Principle investigator for cancer immunology....in addition to my research...I am very much interested in investing biostocks...since I can see whether their products have any potential with my own knowledge in this field....
Karen Webster is one of the world’s leading experts on emerging payments and a strategic advisor to CEOs and Boards of multinational players in the payments and commerce space. As the CEO of Market Platform Dynamics, she works extensively with the most innovative players in the payments, financial services, mobile, B2B, digital media and technology sectors to identify, ignite and monetize innovation. Ms. Webster also serves as a member of the board for several emerging companies and helps these innovators develop and implement business strategies that drive market adoption for their products and services.
I am a retired accountant with a background in large mining projects from feasibility to full-scale operation.
I manage my own investments and for the majority of my portfolio I have a strong preference for Blue Chip stocks.
For the balance of my portfolio I have an interest in small and micro-cap stocks, seeking superior returns.I seek alpha returns through identifying companies with the right fundamentals and assessing the risks and investing long. Although investing long, I understand the importance of share price in the short to medium term for these small cap companies as it impacts their ability to raise capital.
Wisconsin Accountant, watching political and financial currents, investing for fun and retirement. Focused on value and tax planning.
ASBC, ATU, GE, HFC, KMI, MCD, MO, O, PG, SJM, SPFF, SPY, T, VIMSX, WEC, WFC.
I am a buy and hold common stock investor. Warren Buffett is definitely my guru. He makes the most sense to me. I began investing in the stock market at age 14 in 1970 with money earned on my paper route. What I have done since 1970 is invest primarily in the Dividend Aristocrats whenever the stock market is relatively low. I have never sold a single share of stock except on the rare occasion when one of my stocks was bought out for cash and I was forced to sell.. I keep all of my stock certificates or direct registration statements in a safe deposit box at the bank. I do not automatically reinvest dividends. I only purchase stocks when I feel that the stock market is relatively low. Brown University, B. A., 1978. Below are the 37 stocks in my portfolio.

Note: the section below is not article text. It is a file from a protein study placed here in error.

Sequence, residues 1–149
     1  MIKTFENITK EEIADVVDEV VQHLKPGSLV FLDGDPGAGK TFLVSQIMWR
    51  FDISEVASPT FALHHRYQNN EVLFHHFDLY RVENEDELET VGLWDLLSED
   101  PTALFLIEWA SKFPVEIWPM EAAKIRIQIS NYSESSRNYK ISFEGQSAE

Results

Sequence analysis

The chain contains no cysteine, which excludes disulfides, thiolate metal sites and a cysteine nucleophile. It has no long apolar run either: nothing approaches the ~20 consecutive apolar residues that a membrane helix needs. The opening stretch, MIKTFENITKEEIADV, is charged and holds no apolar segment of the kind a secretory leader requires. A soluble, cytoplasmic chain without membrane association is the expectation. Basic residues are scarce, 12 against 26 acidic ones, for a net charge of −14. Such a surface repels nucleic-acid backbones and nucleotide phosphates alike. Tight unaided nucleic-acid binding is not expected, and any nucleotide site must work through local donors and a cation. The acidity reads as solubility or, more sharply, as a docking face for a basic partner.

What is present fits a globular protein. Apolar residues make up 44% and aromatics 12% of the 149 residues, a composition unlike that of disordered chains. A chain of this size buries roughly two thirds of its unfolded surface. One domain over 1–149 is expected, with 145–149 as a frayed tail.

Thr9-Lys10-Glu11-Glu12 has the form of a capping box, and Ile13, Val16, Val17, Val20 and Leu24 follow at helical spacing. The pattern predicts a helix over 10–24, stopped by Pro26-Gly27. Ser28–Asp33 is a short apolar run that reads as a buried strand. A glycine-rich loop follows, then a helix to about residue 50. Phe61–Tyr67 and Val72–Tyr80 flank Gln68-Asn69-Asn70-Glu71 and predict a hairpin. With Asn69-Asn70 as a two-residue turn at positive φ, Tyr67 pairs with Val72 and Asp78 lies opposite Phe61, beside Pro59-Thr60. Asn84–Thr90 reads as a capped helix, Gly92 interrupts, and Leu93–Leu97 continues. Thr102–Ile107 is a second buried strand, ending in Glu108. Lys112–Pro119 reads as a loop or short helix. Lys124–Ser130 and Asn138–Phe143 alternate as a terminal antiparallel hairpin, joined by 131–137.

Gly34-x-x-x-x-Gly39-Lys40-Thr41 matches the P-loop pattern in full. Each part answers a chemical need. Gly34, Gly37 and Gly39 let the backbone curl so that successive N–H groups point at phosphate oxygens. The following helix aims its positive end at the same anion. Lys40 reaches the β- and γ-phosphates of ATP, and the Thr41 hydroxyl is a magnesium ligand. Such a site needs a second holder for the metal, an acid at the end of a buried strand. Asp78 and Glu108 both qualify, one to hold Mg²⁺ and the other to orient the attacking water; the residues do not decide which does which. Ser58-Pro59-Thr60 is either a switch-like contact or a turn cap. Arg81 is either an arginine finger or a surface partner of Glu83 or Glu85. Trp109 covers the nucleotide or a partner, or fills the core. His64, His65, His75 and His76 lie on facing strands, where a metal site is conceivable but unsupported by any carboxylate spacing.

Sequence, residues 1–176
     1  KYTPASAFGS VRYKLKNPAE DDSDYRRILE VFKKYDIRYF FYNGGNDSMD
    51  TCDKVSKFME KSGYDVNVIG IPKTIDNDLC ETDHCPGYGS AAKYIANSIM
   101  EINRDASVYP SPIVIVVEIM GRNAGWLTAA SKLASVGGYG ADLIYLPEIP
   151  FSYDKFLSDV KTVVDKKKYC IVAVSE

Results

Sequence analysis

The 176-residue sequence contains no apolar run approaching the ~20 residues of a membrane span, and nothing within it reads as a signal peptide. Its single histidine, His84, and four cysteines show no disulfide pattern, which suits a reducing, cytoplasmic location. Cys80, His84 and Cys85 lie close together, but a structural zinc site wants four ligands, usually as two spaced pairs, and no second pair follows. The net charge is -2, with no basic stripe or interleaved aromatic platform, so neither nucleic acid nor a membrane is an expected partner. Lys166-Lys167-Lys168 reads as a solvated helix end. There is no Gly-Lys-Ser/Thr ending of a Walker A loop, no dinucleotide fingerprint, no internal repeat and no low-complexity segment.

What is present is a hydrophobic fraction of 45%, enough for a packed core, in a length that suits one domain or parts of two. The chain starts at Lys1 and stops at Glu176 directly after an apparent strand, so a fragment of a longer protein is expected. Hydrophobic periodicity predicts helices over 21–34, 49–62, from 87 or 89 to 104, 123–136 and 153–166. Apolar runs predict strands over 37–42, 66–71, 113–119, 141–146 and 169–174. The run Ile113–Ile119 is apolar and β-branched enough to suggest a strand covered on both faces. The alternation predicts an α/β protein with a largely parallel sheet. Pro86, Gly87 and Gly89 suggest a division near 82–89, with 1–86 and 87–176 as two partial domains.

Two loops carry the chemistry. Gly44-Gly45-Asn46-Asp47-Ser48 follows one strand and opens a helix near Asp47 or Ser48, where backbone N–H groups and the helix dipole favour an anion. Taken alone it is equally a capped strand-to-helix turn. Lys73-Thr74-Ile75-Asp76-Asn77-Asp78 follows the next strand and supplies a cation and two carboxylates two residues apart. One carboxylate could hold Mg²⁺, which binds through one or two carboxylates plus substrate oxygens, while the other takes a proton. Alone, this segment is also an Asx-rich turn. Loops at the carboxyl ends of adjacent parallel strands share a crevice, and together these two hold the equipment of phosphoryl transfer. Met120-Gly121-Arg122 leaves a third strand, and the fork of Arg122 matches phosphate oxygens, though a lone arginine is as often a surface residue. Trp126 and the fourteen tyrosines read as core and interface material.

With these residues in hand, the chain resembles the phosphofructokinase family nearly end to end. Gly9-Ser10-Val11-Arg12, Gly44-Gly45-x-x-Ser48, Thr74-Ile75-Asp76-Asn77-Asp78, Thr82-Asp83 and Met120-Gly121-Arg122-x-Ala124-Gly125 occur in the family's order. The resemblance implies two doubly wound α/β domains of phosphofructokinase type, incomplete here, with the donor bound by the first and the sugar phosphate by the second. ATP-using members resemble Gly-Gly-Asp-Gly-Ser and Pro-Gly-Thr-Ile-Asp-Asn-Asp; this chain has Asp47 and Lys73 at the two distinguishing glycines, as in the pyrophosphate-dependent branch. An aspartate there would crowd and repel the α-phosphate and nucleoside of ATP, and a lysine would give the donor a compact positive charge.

I am a US Air Force Academy graduate and pilot. I have a Bachelors of Science in Economics. I flew KC-135 tankers and also worked as the budget officer in the comptroller’s squadron. I started off my civilian career as a stock broker for Dean Witter. After leaving Dean Witter I worked at a regional Broker Dealer called National Securities. I was a research analyst and authored and published reports in the aerospace sector. I am no stranger to public speaking and was a guest professor at the local community college teaching about the stock and options markets. In 1999 I left the securities business to test my skills as an entrepreneur.